Two hours ago we said that Bill Shorten had backflipped on the number of childcare workers who would benefit from his unprecedented intervention into the Australian wages market.

Well, it seems he has since backflipped on that backflip.

At his press conference in Tasmania, the Leader of the Opposition claimed that he “would like to give a better pay rise to 140,000 childcare workers” despite having briefed media that only 100,000 people would benefit from his highly irregular labour market intervention.

But, in a demonstration of his extraordinary inability to command even the most basic details of his own signature policies, Mr Shorten surprised his (already surprised) travelling party with news that his second backflip was made in error, and could he please go back to the figure of 100,000 childcare workers he’d been using hours earlier.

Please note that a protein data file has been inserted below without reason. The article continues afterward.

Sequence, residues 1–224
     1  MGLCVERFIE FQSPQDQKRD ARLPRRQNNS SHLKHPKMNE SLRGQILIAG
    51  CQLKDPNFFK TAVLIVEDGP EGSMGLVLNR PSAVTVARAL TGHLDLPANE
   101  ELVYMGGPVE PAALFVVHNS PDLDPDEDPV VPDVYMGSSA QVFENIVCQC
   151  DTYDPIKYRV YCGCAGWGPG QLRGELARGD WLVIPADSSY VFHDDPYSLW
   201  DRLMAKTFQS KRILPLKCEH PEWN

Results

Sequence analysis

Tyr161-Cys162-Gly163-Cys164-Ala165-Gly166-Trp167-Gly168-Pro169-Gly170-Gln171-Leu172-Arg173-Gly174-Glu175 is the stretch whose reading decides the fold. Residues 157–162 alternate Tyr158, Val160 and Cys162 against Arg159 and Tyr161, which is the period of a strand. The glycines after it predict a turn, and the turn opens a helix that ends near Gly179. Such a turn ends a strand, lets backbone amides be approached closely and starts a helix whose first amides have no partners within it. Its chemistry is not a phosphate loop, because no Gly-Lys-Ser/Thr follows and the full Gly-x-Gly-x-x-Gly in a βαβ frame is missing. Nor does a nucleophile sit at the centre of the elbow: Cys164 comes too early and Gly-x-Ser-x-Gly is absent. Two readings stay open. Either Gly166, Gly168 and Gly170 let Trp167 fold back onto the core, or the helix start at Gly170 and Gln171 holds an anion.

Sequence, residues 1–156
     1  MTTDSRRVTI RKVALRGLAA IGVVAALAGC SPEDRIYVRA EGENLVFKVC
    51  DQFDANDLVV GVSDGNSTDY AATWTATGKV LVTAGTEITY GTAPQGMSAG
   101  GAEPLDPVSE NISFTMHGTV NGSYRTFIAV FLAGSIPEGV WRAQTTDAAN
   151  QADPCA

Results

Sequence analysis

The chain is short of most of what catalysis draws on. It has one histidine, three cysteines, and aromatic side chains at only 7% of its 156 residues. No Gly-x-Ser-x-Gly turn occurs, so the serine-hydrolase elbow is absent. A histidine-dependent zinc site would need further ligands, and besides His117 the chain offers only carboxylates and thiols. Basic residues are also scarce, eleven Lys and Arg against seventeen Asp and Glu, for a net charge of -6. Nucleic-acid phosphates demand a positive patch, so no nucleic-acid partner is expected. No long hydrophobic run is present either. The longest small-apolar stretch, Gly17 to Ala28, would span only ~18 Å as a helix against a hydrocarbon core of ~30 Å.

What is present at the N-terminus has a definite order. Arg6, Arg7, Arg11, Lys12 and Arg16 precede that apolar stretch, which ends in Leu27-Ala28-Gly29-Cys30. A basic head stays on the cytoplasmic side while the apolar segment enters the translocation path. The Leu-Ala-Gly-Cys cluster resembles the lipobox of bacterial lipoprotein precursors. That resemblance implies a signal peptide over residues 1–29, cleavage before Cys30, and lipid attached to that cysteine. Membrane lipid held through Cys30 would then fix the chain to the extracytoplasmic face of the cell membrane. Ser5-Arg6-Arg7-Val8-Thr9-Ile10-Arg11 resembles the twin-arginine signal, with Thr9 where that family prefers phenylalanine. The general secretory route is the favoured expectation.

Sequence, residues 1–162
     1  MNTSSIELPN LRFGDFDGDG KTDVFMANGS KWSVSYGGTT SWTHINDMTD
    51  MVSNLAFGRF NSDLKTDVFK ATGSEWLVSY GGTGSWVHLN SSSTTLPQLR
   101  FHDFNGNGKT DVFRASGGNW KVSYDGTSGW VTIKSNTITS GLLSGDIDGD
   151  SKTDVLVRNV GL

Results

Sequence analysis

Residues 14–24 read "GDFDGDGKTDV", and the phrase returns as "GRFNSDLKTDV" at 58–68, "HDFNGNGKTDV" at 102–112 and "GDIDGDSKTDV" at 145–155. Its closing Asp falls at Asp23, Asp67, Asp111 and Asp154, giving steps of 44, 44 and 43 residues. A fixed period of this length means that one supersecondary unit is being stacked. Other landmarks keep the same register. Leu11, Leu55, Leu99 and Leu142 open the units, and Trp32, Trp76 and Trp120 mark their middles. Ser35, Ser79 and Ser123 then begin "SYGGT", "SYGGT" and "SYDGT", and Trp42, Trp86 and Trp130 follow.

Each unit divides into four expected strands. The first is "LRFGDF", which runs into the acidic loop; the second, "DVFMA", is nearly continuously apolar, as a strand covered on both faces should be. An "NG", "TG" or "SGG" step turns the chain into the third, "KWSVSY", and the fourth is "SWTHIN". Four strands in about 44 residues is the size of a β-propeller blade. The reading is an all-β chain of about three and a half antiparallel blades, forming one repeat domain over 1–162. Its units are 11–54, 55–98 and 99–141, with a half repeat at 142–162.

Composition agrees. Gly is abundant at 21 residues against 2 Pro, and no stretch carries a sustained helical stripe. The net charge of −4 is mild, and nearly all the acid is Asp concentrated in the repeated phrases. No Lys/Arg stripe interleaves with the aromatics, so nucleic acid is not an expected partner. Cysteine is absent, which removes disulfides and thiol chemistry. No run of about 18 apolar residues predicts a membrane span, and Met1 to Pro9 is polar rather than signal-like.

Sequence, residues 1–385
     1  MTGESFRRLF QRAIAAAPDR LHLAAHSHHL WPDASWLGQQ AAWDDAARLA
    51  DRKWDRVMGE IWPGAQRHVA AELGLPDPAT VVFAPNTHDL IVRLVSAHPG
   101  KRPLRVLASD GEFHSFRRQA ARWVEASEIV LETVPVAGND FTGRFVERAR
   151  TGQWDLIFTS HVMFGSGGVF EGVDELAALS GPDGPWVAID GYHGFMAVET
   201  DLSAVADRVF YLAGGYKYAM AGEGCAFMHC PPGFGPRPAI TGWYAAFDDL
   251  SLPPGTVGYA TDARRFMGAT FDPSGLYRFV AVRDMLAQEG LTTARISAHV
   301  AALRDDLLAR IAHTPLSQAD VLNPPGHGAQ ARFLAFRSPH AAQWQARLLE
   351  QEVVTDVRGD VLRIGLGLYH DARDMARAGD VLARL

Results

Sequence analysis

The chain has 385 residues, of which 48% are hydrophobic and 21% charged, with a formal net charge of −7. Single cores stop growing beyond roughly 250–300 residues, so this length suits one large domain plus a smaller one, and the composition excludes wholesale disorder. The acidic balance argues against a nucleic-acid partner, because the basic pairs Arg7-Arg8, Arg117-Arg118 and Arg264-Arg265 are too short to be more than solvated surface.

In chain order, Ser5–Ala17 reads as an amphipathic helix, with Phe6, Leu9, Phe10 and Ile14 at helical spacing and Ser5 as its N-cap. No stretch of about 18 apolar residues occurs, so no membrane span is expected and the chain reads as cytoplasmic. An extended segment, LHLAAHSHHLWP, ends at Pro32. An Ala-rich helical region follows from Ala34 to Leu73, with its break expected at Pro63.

And here’s the kicker – according to the latest data, from 2016, there are 195,000 childcare workers in Australia, or 194,994 to be precise.*

So around 95,000 childcare workers will be missing out under Mr Shorten’s irregular and unprecedented economic policy of using taxpayer dollars to top up private sector wages.

Exactly which childcare workers they are is not yet known.

Was the policy costed for 100,000, 140,000 or 195,000 workers? 

Until recently, we thought Mr Shorten was refusing to answer.

It’s now clear that he simply does not know and is making it up as he goes.

And if Bill Shorten can’t explain his policies he can’t be trusted to run the economy, let alone the country.  And he certainly should not be given an opportunity to siphon off taxpayer dollars to make unilateral payments to workers represented by his favourite unions, ahead of other similarly paid workers.

By the way, what role did United Voice play in developing this astonishing piece of public policy?  Is it true Labor has received $12 million from United Voice over the past eight years?